The company I had my first interview with had a similar approach to Deloitte for confirming the result of the assessment – a single phone call that could come at any time. Needless to say, I carried my phone around with me at all times, even more so than usual, checking every 10 minutes to see if I had missed a call. When the phone call came, I was already expecting a repeat of the first time: a call that would end in condolences, apologies and misery. Instead, I received a call carrying congratulations rather than commiserations!

Fast forward to the week beginning 1st of July, and the start of the internship. Our first week was filled with presentations, with our work allocations given to us on the Tuesday. I was allocated to the Deloitte Centre for Health Solutions, a research team supporting Deloitte’s life sciences and health care practice. This seemed quite fitting as I had once attempted to pursue a career in medicine and come from a family of pharmacy graduates and doctors. My task was to help the Centre with researching their thought leadership reports, specifically, a series of reports focused on how artificial intelligence (AI) is changing and re-shaping the pharmaceutical value chain (from drug discovery and clinical trials, to post launch surveillance and patient support).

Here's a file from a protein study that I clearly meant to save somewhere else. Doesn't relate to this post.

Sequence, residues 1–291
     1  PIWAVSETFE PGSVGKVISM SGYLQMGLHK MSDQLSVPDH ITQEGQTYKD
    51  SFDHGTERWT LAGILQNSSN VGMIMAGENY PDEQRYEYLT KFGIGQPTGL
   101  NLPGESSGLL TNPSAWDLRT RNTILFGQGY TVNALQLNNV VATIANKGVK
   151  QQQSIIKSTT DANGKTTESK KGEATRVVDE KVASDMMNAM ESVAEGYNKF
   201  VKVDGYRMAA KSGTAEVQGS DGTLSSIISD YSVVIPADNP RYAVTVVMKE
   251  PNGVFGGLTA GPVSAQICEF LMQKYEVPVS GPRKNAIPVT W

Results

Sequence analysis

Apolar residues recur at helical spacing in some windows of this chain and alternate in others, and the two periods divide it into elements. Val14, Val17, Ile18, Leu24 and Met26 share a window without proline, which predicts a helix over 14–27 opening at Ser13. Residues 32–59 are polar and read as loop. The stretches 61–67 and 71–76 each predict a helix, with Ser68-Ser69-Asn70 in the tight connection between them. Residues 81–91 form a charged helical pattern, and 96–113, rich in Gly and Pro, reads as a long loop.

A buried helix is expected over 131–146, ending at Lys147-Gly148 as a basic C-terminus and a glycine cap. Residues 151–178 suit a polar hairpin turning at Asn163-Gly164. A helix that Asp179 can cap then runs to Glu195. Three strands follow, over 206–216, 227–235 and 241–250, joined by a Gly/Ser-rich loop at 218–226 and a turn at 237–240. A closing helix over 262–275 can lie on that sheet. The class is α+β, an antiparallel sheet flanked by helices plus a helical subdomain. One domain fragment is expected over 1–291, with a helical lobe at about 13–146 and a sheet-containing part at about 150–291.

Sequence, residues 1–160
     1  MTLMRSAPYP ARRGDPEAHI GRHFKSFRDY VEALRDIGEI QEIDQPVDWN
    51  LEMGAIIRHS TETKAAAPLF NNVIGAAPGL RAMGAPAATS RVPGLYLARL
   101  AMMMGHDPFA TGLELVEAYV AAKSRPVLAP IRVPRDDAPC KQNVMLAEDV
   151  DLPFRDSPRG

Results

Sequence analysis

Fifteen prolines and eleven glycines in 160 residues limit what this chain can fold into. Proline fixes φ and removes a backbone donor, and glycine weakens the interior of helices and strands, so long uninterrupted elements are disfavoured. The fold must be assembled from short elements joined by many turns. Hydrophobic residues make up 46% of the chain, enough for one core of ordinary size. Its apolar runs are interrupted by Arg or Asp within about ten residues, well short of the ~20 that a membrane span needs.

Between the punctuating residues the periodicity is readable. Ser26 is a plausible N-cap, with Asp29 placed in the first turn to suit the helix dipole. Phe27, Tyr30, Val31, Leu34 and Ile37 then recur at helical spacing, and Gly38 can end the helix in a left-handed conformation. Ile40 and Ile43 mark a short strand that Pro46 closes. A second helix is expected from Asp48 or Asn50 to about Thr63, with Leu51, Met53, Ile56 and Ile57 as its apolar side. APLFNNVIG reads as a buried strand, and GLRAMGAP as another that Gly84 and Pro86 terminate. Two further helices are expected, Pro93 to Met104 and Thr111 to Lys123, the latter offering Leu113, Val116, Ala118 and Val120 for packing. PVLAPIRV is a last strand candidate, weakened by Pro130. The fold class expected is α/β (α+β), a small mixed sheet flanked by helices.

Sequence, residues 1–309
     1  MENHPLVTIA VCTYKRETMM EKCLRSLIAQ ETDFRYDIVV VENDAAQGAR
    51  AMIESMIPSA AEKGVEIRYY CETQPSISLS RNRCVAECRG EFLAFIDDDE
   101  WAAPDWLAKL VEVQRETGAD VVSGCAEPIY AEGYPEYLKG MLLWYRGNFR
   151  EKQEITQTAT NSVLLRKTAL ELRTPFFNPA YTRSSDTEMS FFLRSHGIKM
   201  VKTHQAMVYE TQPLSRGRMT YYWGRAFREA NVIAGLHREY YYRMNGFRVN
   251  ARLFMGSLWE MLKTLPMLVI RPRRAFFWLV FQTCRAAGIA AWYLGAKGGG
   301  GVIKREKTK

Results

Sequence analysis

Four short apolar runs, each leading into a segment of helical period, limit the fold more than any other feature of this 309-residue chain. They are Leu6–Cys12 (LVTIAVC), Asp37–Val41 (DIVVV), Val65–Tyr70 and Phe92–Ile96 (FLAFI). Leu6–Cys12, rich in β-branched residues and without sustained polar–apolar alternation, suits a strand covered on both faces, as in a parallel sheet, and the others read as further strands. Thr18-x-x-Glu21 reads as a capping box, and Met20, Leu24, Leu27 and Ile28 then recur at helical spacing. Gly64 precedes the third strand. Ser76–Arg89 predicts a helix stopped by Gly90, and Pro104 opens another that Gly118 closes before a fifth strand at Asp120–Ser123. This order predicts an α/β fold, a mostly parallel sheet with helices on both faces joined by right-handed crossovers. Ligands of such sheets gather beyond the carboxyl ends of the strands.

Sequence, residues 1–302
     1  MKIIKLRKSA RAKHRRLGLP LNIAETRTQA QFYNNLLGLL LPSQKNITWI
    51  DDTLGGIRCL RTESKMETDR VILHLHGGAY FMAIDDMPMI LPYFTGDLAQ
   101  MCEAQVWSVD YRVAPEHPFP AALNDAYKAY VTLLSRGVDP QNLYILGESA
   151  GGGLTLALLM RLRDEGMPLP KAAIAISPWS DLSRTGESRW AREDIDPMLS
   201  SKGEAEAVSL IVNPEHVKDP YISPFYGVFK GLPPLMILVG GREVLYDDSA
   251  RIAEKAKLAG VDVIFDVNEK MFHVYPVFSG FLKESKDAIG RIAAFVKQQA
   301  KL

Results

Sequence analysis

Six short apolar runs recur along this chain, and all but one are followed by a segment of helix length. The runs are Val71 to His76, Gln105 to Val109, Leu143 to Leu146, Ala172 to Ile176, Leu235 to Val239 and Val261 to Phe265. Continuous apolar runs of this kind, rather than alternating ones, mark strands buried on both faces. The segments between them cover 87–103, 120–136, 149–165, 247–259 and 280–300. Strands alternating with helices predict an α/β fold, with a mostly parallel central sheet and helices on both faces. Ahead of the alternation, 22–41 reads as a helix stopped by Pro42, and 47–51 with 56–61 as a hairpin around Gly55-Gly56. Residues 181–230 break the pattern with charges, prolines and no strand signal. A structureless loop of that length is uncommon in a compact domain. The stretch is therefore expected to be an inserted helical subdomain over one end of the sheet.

To get an idea of how these reports are written, I had a look at some of the Centre’s previous publications. Initially, it seemed quite daunting as I had never thought that I would be contributing to, much less helping write something of such high calibre. There was also a suggestion that I might produce a blog, which I could never see myself doing in a million years! But these were all opportunities that I couldn’t let go to waste.